- Daniel OE
"Daniel" is an Old English poem based loosely on the Biblical book of Daniel, found in the Junius Manuscript. The author and the date of "Daniel" are unknown. Critics have argued that
Caedmonis the author of the poem, but this theory has been since disproved. "Daniel", as it is preserved, is 764 lines long. There have been numerous arguments that there was originally more to this poem than survives today. The majority of scholars, however, dismiss these arguments with the evidence that the text finishes at the bottom of a page, and that there is a simple point, which translators assume indicates the end of a complete sentence. Daniel contains a plethora of lines which Old English scholars refer to as “hypermetric” or long.
The Old English "Daniel" is based only loosely on the Biblical book
Danielfrom which it draws its inspiration. "Daniel" ignores the majority of the apocalyptic and prophetic writing found towards the end of the Biblical source, and focuses instead on the first five chapters of narrative. The primary focus of the Old English author was that of The Three Children, Daniel and their encounters with the Babylonian king Nebuchadnezzar(O.E. Nabuchodnossor). Many Scholars divide "Daniel" into two parts, Daniel A and Daniel B. Daniel A is a retelling of the beginning of the Book of Daniel. Daniel B is read by some scholars to be a version of the Old English poem Azarias, which is found in the Exeter Manuscript. Although Daniel B comes later in the poem, it is read as a prayer for deliverance although deliverance is already granted in the first half of the poem (Daniel A). This fact has led many Old English scholars to view Daniel B as an interpolation. There are many other factors supporting this claim, including differences in vocabulary and metrical usage. Yet another piece of evidence that Daniel B seems to be an addition to the original poem lies in the general content of early Old English Christian poetry, paraphrasing. Daniel B seems to be an emphasis on the allegorical meaning of the book of Daniel, which is drastically different from the majority of Old English Christian Poetry written around the approximated date of "Daniel".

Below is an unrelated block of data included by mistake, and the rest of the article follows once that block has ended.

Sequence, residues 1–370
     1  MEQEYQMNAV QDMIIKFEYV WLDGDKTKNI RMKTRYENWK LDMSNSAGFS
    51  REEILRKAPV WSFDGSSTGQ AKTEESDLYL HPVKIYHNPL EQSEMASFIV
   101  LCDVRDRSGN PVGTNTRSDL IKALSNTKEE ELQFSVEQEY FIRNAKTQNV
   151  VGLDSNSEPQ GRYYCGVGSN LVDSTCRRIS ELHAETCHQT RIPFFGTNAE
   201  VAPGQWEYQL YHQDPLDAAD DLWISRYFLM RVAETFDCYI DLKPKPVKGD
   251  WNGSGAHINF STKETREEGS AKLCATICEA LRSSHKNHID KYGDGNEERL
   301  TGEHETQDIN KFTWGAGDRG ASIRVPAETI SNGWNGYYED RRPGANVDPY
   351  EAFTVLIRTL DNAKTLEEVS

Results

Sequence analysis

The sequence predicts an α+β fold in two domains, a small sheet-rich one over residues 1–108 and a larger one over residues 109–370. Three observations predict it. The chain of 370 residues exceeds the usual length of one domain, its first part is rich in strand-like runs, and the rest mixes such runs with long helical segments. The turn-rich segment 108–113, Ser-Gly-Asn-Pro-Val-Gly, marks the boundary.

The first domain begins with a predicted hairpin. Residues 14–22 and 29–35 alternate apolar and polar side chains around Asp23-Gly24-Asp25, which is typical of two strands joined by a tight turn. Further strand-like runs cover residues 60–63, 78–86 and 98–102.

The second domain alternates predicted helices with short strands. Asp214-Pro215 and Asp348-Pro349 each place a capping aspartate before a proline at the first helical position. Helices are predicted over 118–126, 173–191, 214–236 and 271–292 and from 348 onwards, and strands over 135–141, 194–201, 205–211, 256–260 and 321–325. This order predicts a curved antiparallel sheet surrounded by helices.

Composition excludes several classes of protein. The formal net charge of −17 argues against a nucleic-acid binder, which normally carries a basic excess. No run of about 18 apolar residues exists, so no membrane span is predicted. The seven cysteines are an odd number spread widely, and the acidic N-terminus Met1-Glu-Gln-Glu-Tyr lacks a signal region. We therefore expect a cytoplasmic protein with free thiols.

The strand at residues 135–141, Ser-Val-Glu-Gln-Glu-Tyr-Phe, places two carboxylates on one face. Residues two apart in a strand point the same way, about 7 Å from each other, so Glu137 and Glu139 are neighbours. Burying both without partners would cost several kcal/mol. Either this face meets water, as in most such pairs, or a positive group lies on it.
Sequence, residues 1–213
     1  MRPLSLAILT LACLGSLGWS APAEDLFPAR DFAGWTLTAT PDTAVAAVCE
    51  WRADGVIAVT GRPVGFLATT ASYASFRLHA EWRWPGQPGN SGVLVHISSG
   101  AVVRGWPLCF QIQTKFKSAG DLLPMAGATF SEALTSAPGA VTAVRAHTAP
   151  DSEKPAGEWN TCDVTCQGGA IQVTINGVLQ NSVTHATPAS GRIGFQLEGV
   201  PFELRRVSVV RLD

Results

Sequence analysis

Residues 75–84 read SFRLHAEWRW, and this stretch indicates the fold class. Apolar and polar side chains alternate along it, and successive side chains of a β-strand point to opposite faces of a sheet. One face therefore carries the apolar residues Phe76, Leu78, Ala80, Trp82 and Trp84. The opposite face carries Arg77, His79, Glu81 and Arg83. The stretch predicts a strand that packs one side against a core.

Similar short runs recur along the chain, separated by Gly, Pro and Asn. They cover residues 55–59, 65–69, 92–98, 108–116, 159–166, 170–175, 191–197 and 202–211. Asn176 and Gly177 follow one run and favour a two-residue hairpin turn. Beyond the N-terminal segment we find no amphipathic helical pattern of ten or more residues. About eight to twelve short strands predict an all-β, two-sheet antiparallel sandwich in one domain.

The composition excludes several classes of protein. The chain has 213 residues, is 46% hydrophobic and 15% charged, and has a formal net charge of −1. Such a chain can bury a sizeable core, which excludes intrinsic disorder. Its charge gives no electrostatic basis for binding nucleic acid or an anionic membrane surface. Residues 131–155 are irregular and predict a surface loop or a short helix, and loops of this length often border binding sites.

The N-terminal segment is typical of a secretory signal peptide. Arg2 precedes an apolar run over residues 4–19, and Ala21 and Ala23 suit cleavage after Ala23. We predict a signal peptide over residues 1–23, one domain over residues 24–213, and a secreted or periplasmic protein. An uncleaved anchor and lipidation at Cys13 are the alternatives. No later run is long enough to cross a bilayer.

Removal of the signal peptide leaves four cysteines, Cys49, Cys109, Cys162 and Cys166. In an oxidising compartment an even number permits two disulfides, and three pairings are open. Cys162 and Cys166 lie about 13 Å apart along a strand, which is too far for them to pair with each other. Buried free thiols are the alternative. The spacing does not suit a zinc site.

Differences Between OE Daniel and Biblical Daniel
Some scholars insist that the "Daniel" poet was much more interested in the literal interpretation of the Book of Daniel, but others illustrate the author's intention to write allegorically. In the Biblical Book, King Nebuchadnezzar wishes to educate Daniel, but the dramatized OE "Daniel" has Nebuchodnossor trying to acquire Daniel's wisdom. This change sets the character of Daniel in a way more consistent with the Old English hero. Another stark contrast is the inclusion of the author's version of the Azarias and the introduction to the Biblical Book called Song of Songs. These differences and many others are thought to indicate that the unknown author of Daniel was not simply paraphrasing the Biblical book, but was in fact original in his composition.
"Medieval England: An Encyclopedia", editors: Paul E. Szarmach, M. Teresa Tavormina, Joel T. Rosenthal. New York: Garland Pub., 1998.
"The Blackwell Encyclopedia of Anglo-Saxon England", ed. Michael Lapidge (1991).
"Dictionary of the Middle Ages", Joseph R. Strayer, editor in chief.
"Anglo-Saxon Poetry", S.A.J. Bradley. David Campbell Publishers Ltd, London; 1995.
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